I have a dataset x with 350m rows and 4 columns. When joining two columns from a dataset i of 13m rows and 19 columns, I encounter the following error:

Internal logical error. DT passed to assign has not been allocated enough column slots. l=4, tl=4, adding 1

I have checked Not Enough Columns Slots but there the problem appears to be in the number of columns. Since I have only a few, I would be surprised if this was the issue.

Also, I found https://github.com/Rdatatable/data.table/issues/1830, where the error is related to "column slots", but I do not understand what they are. When checking truelength, I obtain

> truelength(x)
[1] 0
> truelength(i)
[1] 0

My understanding is that setting, for example, alloc.col(x,32) or alloc.col(i,32), or both could solve the issue. However, I don`t understand what this does and and what the issue is. Can anyone offer an explanation?

  • 3
    Are you familiar with the note about "Reading data.table from RDS or RData file" in vignette("datatable-faq")? In my experience truelength 0 comes from loaded tables. Of course ?alloc.col might be a place to look if you want to know what it does – Frank Dec 6 at 17:42
  • Thanks, I will check that FAQ. I did read the documentation on these functions, but I just don't understand what these slots are. – bumblebee Dec 6 at 22:27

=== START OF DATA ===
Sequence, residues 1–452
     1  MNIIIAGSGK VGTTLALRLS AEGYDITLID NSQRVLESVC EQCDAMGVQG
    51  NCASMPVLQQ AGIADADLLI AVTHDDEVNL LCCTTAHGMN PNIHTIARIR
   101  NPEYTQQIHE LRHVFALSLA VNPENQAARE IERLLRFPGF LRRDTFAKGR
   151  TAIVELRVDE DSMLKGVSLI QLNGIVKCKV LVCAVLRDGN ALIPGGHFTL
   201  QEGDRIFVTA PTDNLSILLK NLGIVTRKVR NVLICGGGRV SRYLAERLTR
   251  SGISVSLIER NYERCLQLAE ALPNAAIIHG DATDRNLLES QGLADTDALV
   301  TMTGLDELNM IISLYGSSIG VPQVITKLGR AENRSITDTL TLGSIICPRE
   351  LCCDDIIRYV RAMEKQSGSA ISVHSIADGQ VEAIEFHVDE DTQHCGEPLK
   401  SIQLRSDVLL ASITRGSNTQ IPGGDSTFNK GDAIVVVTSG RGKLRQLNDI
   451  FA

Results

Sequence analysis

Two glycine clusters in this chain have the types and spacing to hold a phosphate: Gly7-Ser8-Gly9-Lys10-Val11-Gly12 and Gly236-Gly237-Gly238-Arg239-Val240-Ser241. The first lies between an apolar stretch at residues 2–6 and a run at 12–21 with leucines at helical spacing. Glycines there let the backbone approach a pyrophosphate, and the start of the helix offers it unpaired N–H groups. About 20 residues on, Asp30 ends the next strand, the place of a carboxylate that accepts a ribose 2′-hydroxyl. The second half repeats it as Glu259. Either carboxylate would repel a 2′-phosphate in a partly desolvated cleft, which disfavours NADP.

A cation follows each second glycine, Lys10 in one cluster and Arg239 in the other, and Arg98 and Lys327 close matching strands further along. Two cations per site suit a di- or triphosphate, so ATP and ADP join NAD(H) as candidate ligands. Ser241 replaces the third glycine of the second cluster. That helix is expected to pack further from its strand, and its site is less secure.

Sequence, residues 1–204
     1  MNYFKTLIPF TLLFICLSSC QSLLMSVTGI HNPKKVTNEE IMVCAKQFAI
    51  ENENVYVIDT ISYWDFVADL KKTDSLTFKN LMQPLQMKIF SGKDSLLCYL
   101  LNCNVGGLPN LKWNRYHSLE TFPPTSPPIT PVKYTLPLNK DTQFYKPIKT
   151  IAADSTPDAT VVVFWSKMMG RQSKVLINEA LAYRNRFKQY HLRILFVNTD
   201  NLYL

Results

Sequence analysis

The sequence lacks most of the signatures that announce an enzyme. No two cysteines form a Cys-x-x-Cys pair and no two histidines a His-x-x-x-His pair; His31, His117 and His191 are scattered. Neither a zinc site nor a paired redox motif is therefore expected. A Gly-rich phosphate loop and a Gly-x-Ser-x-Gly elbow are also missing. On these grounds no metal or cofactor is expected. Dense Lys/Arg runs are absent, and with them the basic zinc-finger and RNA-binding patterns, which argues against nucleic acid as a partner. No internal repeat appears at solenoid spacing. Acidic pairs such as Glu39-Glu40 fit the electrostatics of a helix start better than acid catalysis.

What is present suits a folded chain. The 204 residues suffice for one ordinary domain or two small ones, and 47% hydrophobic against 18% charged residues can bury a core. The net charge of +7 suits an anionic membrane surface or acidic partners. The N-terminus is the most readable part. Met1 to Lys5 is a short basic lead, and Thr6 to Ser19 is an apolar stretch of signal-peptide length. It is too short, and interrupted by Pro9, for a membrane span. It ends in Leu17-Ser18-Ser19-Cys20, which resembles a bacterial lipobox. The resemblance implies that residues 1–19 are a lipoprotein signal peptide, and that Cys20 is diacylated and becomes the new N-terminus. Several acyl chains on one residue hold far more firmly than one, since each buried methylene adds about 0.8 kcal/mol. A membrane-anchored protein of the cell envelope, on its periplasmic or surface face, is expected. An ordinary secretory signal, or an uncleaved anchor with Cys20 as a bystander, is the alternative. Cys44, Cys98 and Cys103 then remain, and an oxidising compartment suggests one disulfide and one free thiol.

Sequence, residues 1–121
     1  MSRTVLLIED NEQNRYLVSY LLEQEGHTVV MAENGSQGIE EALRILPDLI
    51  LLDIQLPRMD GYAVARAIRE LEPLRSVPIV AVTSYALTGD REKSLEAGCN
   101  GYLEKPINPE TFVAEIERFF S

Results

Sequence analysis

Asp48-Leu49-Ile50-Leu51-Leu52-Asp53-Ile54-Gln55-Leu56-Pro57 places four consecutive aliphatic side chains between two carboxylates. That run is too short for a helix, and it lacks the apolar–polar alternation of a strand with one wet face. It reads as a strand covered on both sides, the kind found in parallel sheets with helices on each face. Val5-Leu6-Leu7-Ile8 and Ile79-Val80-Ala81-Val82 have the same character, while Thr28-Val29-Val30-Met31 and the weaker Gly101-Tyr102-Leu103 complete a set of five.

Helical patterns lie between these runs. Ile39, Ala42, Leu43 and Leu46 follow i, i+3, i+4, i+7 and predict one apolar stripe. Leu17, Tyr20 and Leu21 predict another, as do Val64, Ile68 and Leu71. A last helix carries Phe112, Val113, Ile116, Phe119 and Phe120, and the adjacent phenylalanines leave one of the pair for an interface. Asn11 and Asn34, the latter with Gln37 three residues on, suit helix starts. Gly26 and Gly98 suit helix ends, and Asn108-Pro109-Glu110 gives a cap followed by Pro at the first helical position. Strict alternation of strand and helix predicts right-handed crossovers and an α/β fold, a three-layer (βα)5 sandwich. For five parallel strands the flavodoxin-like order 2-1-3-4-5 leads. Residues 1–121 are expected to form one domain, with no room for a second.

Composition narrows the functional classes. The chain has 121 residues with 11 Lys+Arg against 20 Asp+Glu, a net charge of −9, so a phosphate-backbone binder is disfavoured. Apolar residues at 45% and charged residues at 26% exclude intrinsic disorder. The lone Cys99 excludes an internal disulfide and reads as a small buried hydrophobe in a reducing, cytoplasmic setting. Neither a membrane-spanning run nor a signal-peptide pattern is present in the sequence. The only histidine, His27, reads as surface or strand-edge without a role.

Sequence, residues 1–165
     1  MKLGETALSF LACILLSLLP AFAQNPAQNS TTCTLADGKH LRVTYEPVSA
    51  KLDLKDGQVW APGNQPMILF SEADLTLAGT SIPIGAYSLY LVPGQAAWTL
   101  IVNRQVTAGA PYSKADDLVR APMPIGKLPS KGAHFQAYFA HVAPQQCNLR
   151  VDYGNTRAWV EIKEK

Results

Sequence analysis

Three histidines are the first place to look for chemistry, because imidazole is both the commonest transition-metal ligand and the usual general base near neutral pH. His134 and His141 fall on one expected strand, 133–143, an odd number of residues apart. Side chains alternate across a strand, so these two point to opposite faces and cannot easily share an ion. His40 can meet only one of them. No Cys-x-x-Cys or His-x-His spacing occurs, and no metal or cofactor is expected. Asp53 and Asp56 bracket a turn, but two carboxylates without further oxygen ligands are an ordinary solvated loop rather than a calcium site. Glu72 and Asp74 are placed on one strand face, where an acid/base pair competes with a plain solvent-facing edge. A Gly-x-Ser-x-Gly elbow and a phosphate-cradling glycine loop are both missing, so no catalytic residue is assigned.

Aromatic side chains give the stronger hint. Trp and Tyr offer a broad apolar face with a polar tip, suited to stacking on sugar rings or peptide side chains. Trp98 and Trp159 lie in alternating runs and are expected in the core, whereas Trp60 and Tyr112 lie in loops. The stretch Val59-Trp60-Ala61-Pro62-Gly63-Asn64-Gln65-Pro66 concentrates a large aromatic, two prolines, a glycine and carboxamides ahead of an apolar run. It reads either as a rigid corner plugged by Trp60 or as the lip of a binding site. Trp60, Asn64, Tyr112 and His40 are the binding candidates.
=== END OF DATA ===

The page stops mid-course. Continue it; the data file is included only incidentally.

up vote 2 down vote accepted

Part of what makes data.table so efficient is it tries to be smart about memory usage (whereas base data.frames tend to end up getting copied left and right in regular usage, e.g., setting names(DF) = col_names can actually copy all of DF despite only manipulating an attribute of the object).

Part of this, in turn, is that a data.table is always allocated a certain size in memory to allow for adding/subtracting column pointers more fluidly (from a memory perspective).

So, while actual columns take memory greedily (when they're created, sufficient memory is claimed to store the nrow(DT)-size vector), the column pointers, which store addresses where to find the actual data (you can think of this ~like~ column names, if you don't know the grittier details of pointers), have a fixed memory slot upon creation.

alloc.col forces the column pointer address reserve process; this is most commonly used in two cases:

  1. Your data needs a lot of columns (by default, room is allocated for 1024 pointers more than there are columns at definition)
  2. You've loaded your data from RDS (since readRDS/load don't know to allocate this memory for a data.table upon loading, we have to trigger this ourselves)

I assume Frank is right and that you're experiencing the latter. See ?alloc.col for some more details, but in most cases, you should just run alloc.col(x) and alloc.col(i) -- except for highly constrained machines, allocating 1024 column pointers requires relatively little memory, so you shouldn't spend to much effort skimping and trying to figure out the right quantity.

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